Jackie Robinson broke the color barrier in MLB 74 years ago today, and every year since 2004, Jackie Robinson Day has been celebrated at ballparks across the country on April 15th to commemorate the anniversary of Robinson breaking the color barrier in the sport.
As we approached this year’s celebration I found myself at the intersection of two thoughts; how far we have come as a society and how far we still have to go.
On one hand, the opportunity to play professional baseball in the MLB is available to athletes of all backgrounds, and on the other there is still a lack of representation in key roles off the field that impact the sport as a whole.
I had the opportunity to explore some of these thoughts with Denard Span who was recently hired by the Tampa Bay Rays as a Special Assistant, Baseball Operations to discuss the legacy of Robinson and his new role.
Jamal Wilburg: To me, as I’ve gotten older the legacy of Jackie Robinson has taken on more meaning as I think through what it really meant to be the first Black baseball player and everything he went through. What does Jackie Robinson mean to you?
Denard Span: Yeah, I think similar to you. Being more mature and understanding life or through different life experiences and understanding just, as a Black man in America, things aren’t on an even playing field, if you will. And so, here we are in the 20th century — we both graduated, grew up as a man in the two-thousands — so my mind can only imagine what Jackie Robinson had to go through during the days of when he was a young man and trying to break into the game of baseball as a Black player.
So as I got older in the game, that’s what started to really resonate with me. And I started to understand just how impactful, you know, him as an individual. Like we said, all the things that he had to go through, just being that guy, that chosen one. You know that had to be somebody special to go through it.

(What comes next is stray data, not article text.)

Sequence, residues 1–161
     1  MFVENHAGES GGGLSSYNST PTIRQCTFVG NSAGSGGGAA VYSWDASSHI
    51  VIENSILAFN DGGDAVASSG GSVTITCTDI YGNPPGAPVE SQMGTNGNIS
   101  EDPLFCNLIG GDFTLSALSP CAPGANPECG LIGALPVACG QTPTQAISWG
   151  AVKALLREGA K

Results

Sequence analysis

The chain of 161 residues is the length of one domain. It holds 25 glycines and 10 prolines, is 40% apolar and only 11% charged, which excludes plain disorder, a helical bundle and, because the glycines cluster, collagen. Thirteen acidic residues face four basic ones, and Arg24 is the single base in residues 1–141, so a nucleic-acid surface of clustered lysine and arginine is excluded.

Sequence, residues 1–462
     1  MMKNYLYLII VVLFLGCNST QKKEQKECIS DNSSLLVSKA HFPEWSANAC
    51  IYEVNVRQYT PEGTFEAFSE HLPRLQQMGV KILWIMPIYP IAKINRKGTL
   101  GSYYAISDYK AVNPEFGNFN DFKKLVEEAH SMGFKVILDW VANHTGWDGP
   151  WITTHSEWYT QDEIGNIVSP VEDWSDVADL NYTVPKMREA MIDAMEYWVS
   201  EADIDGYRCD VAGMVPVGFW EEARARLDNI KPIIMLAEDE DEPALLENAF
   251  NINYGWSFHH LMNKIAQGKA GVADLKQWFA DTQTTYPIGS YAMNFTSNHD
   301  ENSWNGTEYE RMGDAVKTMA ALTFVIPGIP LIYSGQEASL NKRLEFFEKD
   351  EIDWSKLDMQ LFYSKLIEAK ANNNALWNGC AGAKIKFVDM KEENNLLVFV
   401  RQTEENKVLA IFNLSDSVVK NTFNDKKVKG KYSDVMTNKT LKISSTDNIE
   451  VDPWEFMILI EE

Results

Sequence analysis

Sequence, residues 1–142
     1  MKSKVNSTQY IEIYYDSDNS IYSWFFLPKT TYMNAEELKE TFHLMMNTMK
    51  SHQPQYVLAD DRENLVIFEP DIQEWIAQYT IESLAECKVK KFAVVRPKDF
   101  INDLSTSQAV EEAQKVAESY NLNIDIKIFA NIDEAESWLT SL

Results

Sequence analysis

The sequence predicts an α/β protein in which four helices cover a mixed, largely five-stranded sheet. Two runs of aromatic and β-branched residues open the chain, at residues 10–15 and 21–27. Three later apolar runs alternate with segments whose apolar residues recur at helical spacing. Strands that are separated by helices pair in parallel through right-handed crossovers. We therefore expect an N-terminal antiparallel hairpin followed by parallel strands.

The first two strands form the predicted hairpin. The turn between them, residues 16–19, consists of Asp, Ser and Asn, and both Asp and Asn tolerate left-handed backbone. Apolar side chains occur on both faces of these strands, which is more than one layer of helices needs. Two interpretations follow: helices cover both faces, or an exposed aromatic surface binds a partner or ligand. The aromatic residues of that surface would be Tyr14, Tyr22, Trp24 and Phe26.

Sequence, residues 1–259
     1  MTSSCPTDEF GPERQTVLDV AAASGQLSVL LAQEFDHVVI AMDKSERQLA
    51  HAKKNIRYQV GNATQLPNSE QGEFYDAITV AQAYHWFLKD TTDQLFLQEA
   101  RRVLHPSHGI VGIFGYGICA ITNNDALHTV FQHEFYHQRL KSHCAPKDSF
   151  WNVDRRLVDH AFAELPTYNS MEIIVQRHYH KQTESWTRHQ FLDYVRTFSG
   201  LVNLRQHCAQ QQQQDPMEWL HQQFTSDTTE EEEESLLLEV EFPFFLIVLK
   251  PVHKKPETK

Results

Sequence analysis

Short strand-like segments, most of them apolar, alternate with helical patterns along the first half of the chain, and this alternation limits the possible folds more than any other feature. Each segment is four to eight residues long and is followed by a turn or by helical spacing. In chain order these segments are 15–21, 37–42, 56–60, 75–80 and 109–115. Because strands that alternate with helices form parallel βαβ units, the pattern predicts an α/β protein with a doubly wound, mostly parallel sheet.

And I think that’s why Branch Rickey even chose him, because he realized, even though Jackie probably wasn’t the best player coming out of Negro League, but he realized that it was going to have to take a special person, somebody with certain intellect, somebody with even keel and someone who was educated, you know, he came out of I think UCLA. Jackie was ahead of his time and Jackie was a wise individual.
JW: When, in your career, do you think you started noticing something different about Jackie Robinson? I don’t know what it was about crossing 30 or being married or having kids but something changed for me. When did it change for you?
DS: I think, honestly, this is probably sad to say, but it was around the time of when the movie came out. Obviously I knew his story, you know, the basics of the story, but after watching the movie and seeing it in real time, in a real motion picture, I think it painted a visual for me of what he went through. I also thought, “Man, this is only a fraction of probably what he went through.” And so I think that was around the time where it hit me.
And I took it more to heart what he did. Similar to you, around that time I was 29 years, 2013. That was when just life in general and you start hitting that age, you start to see life differently or see life from a different bird’s eye view.
JW: What made you want to get into the front office. You’re playing and I’m sure you start thinking about life after baseball, but what made the front office interesting to you?
DS: The lack of Black individuals that are in power positions... And just realizing how important it is for a young Black player in the game.
You’re freshly drafted out of high school, or just breaking into the major leagues to see a Black manager, or a Black GM, or a Black man making pivotal decisions in the organization. For me, that was where it hit me. This is bigger than me. This is the next generation, you know what I mean? For the guys that are coming up younger, they have somebody to watch and look at and say, “You know what, I’m done, but I can still be a part of this game and make an impact on the other side.”